The joke’s on us as RI officials fall into communist clichés.
Don’t let things like this slip under your awareness or your commentary, because plenty of Rhode Islanders have no experience or intellectual foundation to question the reporting:
The R.I. Department of Health on Thursday ordered the owner of Roger Williams Medical Center and Our Lady of Fatima Hospital to take immediate steps to stabilize their finances after finding the two facilities are struggling to pay their bills.
The Health Department said its compliance order follows an extensive review that determined California-based Prospect Medical Holdings is underfunding both facilities, calling the infraction part of a larger pattern of noncompliance.
While reviewing such news, keep regulatory context in mind. When a government agency claims that a company is “underfunding” some operation or other, they mean that they aren’t funding it at the level at which government officials desire — or have artificially required based on mandates and regulations. The same government officials have every incentive to demand that other people always provide more funding, and they face no consequences if their demands destroy the industries they oversee. Indeed, the more harm they do to healthcare, the more leverage politicians and bureaucrats have. We’ve fallen into a trap of perverse incentives in democracy.
As if to amplify the point, the Department of Health’s order is for the healthcare company to spend more money on oversight:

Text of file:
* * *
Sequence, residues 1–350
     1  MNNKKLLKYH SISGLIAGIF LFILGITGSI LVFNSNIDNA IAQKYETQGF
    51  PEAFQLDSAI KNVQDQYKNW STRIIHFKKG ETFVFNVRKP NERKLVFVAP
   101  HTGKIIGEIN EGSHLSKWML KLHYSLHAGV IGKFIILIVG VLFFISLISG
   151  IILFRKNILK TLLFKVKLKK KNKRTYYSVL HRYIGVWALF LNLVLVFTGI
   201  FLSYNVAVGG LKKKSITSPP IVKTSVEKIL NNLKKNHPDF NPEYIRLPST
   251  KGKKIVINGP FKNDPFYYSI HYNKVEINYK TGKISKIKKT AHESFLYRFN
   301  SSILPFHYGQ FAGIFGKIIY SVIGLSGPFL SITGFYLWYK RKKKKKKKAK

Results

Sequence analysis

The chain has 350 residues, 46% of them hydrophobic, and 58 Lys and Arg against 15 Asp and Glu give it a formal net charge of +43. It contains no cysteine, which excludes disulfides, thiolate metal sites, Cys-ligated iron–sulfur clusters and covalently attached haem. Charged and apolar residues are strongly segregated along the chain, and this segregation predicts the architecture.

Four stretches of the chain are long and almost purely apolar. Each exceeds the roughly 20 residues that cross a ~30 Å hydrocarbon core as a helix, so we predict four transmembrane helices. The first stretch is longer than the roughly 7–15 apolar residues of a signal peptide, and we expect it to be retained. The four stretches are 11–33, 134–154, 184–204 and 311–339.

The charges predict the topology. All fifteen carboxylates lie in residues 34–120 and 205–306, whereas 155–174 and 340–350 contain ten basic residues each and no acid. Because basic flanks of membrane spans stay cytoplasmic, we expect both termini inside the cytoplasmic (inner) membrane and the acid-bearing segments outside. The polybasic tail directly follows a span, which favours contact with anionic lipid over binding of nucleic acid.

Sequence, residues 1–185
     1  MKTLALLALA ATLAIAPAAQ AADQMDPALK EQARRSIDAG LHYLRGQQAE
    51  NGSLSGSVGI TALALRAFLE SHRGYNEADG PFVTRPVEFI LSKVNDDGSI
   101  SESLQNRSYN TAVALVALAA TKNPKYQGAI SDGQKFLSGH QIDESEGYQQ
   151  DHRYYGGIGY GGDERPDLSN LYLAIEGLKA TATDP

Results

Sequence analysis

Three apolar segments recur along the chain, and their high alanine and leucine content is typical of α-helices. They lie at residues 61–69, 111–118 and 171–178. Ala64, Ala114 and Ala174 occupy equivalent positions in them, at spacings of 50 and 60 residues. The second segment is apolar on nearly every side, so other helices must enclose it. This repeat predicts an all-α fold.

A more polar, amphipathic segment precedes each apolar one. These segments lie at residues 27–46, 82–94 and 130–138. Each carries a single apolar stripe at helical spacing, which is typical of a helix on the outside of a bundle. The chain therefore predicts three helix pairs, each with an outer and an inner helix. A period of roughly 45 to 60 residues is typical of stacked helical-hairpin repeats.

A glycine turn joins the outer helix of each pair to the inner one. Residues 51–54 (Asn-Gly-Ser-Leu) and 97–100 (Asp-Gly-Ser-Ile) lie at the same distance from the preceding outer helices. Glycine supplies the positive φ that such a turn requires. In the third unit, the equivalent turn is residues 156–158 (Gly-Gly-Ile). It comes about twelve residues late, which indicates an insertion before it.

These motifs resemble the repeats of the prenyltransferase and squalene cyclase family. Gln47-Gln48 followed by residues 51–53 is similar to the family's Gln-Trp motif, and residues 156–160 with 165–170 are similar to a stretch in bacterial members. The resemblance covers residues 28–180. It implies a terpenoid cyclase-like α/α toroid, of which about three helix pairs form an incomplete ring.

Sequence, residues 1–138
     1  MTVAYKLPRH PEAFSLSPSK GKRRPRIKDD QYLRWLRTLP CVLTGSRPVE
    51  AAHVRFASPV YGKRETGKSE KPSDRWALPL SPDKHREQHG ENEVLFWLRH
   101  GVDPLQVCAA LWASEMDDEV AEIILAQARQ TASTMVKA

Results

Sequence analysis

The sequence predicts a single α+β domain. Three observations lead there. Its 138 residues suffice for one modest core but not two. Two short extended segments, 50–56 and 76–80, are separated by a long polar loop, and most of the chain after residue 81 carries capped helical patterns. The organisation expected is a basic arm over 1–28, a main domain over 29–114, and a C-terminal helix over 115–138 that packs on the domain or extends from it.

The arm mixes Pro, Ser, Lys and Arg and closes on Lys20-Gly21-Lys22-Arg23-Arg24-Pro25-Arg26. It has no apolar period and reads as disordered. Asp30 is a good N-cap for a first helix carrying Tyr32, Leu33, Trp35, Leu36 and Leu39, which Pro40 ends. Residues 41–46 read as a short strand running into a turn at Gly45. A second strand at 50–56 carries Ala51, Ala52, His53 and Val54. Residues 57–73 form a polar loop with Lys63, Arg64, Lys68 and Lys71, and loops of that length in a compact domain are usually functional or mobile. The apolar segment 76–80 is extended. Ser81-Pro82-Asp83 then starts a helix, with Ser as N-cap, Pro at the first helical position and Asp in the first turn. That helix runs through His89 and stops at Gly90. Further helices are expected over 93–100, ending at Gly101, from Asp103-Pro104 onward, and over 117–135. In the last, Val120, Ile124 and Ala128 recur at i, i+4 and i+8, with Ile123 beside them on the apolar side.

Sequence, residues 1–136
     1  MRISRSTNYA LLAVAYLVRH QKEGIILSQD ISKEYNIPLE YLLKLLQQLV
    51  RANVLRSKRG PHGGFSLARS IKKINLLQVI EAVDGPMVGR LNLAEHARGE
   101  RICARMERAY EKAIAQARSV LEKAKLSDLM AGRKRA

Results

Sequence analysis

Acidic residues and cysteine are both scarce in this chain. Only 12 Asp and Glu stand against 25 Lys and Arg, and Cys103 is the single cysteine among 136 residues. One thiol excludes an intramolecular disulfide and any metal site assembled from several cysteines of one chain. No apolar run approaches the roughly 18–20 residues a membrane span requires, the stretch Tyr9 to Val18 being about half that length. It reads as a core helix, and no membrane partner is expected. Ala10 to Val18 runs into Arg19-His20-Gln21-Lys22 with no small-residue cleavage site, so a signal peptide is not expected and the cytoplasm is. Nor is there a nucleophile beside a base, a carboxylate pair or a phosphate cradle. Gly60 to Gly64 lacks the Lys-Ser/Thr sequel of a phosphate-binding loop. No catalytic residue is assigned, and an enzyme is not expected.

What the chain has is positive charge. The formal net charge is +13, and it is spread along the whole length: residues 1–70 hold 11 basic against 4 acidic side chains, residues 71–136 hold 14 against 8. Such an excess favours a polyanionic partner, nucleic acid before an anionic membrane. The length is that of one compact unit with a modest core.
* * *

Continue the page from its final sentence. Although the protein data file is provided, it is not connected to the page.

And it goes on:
The compliance order requires Prospect to hire an independent fiscal monitor to determine the operating costs of its Rhode Island hospitals, as well as an independent on-site operations manager who will report to the Health Department on the extent to which vendor non-payment has previously impacted patient care.
That is, a company that’s having trouble paying its bills now has to spend some hundreds of thousands of dollars more for government-mandated inhouse bureaucrats. The thinking is arguably inverted; government agencies hire independent managers and monitors because they are not generally run by people with the specialized skills the situation requires. Private companies don’t work the same way. Here’s the real indication of our problem, as citizens, though: Even if in some circumstances this might be rational, on its face it is counterintuitive, at best, and yet the diktats are not questioned by journalists or explained by the government agents.
One suspects the RI officials see themselves as attempting to use their power to force an out-of-state owner to increase funding for people in our state, but those parent organizations are not simply sitting on cash as their suppliers refuse to extend short-term credit and their customers find services disrupted. And to the extent the parent companies find themselves with a pool of cash that neither suppliers nor customers are able to demand through market mechanisms, the cause is sure to be government manipulation of the market giving the parent company that increased leverage. In that case, the solution is to find and ease those distortions, but how likely is it that a government-mandated monitor will turn around and tell government officials that they’re the problem?
After walking through the analysis, though, put aside the economic theory. If it ceases to be profitable for companies to run hospitals, then they won’t run them. We’re already hearing complaints (including from progressive journalists) that healthcare providers are becoming difficult to find in the Ocean State. Government cannot mandate industries into existence, at least not for long, and Rhode Islanders need to think that reality through quickly.